Given we have a report

When an analyst publishes it

Then the report must be sent as a PDF to the manager, and the group that asked for the report

I start to think about what are the nouns? I've basically have been given the noun of Report and a number of Users that have different roles. Then I think about what are my verbs? In this scenario, I have the verb publish but the meanings are implied. I also have the verb send, but this seems like that verb is something the publish verb does as a step.

Next I start thinking what else do I need to make this happen? So implied in this scenario is something that manages reports. There are common patterns for what "managing" something means, so I opt for the repository pattern and have a ReportRepository. Also, I need to know how to find users and verify them as well. So that implies I need a UserRepository and potentially a Role field in the User object. To get the "group that asked for the report" then either the Report needs to keep track of the Requester or I need to query the ReportRegistry how to get the requester.

OK so let's look at what we have now:

public interface IReportRepository {
    bool publish(Report report, User fromUser);

public interface IUserRepository {
    User findManager(User fromUser);

public class Report {
    User getRequester();

public class User {
    Role getRole();

OK, I can start to see things take shape. I personally prefer to use Dependency Injection as opposed to the Factory pattern, because I may have to implement something outside the core business logic. One such example would be the thing that sends the report to the specific users. Also, since the format of the report is specified in my requirements, it's likely I may have to convert form one format to another. In that case, we need to look at detecting the report format and doing a conversion.

At this point I need to pause and think about where the report gets converted. Does the notifier take a Report object and convert if necessary? or does the ReportRepository take care of that for you? Both are valid ways of doing this. For the sake of argument, I am going to make the executive decision that the thing that distributes the report worries about that. That means I only need to add one more noun into my central business objects:

public enum Format {

public interface IReportDistributor {
    public bool send(Report report, Format format,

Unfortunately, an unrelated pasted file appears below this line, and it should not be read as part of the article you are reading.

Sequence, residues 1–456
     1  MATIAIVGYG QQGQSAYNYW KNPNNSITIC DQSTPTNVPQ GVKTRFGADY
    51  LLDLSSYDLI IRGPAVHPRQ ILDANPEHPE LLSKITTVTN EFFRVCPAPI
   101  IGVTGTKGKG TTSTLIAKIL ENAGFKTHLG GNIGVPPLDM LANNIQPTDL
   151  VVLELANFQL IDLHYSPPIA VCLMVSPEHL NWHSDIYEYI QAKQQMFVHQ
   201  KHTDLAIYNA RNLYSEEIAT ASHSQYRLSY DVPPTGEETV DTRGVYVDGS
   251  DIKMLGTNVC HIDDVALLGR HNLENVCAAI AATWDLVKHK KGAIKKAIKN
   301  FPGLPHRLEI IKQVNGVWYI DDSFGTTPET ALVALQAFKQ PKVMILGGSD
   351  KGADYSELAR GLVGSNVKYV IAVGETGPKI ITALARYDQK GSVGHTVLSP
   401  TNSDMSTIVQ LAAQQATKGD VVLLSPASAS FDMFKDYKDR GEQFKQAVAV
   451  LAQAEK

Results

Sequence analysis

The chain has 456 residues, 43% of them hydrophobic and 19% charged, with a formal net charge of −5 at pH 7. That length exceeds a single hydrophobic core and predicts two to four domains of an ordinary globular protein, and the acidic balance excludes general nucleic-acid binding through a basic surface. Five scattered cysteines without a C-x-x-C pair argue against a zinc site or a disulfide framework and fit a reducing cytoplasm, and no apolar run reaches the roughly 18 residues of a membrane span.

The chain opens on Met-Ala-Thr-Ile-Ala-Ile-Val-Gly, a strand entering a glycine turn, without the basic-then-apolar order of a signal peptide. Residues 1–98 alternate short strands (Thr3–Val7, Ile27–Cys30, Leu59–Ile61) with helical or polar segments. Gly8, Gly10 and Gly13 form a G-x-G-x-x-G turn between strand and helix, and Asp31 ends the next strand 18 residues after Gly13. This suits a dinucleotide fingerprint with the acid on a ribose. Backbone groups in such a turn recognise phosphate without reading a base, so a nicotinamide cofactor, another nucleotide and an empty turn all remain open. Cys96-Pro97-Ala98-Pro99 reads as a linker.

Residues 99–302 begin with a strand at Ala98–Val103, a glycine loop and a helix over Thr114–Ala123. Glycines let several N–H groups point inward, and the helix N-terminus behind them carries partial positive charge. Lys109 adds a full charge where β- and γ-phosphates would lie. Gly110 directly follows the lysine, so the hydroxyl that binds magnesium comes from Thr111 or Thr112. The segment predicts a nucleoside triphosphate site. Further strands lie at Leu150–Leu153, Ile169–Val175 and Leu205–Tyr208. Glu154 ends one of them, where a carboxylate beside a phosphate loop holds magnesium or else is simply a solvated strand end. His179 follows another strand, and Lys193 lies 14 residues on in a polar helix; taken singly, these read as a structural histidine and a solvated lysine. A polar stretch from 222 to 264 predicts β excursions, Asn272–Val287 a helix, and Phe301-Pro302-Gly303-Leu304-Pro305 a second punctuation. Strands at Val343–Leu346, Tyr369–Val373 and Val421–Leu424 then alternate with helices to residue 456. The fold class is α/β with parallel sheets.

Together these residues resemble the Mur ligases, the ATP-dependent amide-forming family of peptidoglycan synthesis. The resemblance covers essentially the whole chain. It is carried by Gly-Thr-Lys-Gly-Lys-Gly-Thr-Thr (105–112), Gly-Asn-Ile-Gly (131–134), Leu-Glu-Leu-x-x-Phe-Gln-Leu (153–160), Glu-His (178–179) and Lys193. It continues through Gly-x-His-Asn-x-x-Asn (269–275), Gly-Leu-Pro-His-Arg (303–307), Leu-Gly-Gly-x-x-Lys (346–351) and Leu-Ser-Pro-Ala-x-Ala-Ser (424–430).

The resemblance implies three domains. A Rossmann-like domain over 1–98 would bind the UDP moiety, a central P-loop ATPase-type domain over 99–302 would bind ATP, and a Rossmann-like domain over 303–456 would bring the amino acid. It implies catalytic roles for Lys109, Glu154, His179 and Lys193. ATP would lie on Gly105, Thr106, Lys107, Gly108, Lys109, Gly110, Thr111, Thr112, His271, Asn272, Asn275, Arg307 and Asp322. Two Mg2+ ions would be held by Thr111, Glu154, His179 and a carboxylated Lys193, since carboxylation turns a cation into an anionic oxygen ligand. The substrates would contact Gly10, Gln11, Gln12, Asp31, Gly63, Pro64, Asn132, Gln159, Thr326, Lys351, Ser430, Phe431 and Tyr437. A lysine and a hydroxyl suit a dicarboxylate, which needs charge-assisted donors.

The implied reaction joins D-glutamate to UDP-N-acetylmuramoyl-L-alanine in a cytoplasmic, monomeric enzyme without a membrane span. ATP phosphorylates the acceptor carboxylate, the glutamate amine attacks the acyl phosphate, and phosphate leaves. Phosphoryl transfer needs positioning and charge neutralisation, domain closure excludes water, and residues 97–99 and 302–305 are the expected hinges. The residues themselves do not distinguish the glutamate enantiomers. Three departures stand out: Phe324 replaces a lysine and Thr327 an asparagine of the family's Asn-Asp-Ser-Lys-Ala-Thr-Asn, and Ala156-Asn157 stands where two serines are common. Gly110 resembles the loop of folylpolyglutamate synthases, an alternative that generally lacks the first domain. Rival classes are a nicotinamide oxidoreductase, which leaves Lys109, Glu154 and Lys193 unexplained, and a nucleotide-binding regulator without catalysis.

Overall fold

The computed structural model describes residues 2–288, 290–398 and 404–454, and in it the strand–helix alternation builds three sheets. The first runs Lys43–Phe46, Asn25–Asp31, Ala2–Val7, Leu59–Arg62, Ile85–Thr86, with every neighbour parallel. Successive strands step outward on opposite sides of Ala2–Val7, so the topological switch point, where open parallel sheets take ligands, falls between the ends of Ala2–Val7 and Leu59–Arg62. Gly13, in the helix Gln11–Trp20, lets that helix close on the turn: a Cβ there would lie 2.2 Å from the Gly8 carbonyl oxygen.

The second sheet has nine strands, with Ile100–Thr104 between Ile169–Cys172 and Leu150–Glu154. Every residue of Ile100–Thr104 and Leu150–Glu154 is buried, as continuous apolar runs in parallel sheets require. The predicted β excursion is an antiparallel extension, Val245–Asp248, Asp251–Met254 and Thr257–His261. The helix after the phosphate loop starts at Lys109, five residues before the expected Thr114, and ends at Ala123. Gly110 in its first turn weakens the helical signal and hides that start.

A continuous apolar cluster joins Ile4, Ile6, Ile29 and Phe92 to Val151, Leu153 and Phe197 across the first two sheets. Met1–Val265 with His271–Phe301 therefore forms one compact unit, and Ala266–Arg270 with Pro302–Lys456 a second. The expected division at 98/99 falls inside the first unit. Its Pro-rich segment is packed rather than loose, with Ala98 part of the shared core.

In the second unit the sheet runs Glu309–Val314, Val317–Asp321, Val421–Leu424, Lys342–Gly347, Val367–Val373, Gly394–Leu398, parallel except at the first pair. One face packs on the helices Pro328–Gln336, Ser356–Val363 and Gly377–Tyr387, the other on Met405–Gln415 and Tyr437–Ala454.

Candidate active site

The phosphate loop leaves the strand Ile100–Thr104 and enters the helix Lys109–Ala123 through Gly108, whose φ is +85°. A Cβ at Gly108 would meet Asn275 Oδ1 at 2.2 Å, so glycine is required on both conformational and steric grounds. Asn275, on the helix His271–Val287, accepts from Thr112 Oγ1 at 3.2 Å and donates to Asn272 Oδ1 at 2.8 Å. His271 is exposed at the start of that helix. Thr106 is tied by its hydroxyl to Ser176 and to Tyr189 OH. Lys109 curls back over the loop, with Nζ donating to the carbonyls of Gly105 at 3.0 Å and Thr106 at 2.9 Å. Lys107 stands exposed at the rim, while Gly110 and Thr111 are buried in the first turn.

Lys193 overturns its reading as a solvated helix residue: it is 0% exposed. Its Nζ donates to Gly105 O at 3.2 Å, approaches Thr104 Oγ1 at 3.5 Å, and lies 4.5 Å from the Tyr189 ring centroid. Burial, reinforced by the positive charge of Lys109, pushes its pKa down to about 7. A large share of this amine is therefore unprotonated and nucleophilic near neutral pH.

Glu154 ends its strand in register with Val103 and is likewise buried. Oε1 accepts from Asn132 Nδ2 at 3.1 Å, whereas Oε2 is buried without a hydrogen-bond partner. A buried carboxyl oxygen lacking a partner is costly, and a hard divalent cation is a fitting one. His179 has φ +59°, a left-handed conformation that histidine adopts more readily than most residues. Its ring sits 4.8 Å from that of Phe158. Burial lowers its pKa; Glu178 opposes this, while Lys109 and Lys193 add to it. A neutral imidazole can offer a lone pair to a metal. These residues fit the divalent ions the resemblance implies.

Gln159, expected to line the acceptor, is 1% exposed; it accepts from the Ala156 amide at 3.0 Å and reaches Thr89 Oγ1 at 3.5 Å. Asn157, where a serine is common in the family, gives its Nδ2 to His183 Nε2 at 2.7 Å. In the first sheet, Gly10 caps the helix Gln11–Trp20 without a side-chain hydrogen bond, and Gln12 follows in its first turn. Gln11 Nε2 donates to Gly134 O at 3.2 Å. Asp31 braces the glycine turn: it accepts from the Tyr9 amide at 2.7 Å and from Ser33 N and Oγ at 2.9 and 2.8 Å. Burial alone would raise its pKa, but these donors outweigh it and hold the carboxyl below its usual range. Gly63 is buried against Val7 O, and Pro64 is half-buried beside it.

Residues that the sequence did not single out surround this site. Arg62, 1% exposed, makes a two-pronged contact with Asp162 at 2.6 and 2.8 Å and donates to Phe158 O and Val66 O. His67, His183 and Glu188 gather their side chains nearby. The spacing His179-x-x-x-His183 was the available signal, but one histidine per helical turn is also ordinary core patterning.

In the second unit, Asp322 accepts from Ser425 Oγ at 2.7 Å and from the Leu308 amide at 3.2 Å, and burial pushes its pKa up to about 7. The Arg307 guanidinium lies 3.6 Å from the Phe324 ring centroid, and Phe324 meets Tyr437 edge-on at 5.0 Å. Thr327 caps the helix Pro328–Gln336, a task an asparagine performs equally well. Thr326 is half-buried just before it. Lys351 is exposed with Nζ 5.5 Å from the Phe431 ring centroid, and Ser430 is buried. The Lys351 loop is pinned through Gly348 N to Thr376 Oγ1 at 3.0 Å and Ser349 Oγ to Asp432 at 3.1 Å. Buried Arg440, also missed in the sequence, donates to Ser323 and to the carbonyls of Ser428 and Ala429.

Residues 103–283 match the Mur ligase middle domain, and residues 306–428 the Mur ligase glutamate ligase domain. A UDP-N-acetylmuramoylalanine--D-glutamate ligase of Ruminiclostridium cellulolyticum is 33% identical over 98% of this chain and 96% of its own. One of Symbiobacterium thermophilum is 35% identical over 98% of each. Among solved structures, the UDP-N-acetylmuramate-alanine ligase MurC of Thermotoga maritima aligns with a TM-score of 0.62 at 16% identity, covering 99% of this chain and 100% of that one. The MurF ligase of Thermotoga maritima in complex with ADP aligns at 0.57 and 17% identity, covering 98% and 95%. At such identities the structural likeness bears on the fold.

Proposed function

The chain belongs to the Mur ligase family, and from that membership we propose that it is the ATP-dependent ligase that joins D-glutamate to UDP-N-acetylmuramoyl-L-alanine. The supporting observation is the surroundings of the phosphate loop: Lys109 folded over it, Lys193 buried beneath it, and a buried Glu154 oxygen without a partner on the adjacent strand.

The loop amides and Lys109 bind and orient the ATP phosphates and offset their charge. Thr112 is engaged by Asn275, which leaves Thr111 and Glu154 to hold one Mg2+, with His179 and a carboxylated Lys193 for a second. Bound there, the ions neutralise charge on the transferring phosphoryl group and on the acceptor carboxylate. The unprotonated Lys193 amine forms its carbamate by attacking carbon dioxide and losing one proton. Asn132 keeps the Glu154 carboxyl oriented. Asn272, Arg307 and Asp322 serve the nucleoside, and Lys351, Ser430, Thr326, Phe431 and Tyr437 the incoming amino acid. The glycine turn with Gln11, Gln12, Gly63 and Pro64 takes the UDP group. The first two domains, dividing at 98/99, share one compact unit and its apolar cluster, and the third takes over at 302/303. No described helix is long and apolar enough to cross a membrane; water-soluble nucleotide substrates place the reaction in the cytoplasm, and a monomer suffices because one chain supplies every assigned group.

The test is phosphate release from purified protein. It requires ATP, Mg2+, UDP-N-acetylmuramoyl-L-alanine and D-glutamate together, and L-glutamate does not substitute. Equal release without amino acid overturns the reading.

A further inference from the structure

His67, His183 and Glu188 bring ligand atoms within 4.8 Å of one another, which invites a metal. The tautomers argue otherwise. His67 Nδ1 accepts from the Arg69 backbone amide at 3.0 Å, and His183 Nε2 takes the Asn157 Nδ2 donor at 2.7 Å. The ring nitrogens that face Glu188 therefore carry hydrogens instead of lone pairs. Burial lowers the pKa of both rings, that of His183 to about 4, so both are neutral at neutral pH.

User fromUser, param User... toUsers);

// and since we would need to know the format of the report, Report gets new methods.
public class Report {
    User getRequester();
    Format getFormat();
    OutputStream getContent();

Now, when I implement my IReportRepository I know it needs an IReportDistributor and a IUserRepository. Since this is core functionality in my business logic, the implementation class also goes here:

public class RepositoryManager : implements IRepositoryManager {
    private final IUserRepository userRepository;
    private final IReportDistributor distributor;

    public RepositoryManager(IUserRepository users, IReportDistributor distributor) {
        this.userRepository = users;
        this.distributor = distributor;

    public bool publish(Report report, User fromUser) {
        if (fromUser.Role != Role.Analyst) {
            return false;

        User toManager = userRepository.findManager(fromUser);
        User toRequestor = report.getRequestor();

        return distributor.send(report, Format.PDF, fromUser, toManager, toRequestor);

That's the whole implementation from the business perspective. Now, the implementation of the IReportDistributor is made closer to the edge, because we are choosing to implement it outside of the whole system.

You have enough here in the business logic to test the business rule in the application. You just need to supply a mock or stub instance of the IReportDistributor to validate that the parameters are filled out exactly like you expect.

For the sake of brevity, I will leave the conversion code implementation and email implementation of report distribution to you. That would be in it's own DLL since those things are complex enough.

  • Ok, you create a repository per model. Than pretty much all of the repositories will have method Save. As the save operation requires different services per model, each of the repositories shall have different constructor signatures. Yet the Save method will contain very similar code for each model which is what I want to avoid. Or shouldn't I? – Hobbyist Jan 6 at 16:24
  • You can use generics to address a lot of those commonalities. – Berin Loritsch Jan 6 at 17:10
  • All the repositories should be added in ConfigureServices? – Hobbyist Jan 7 at 10:11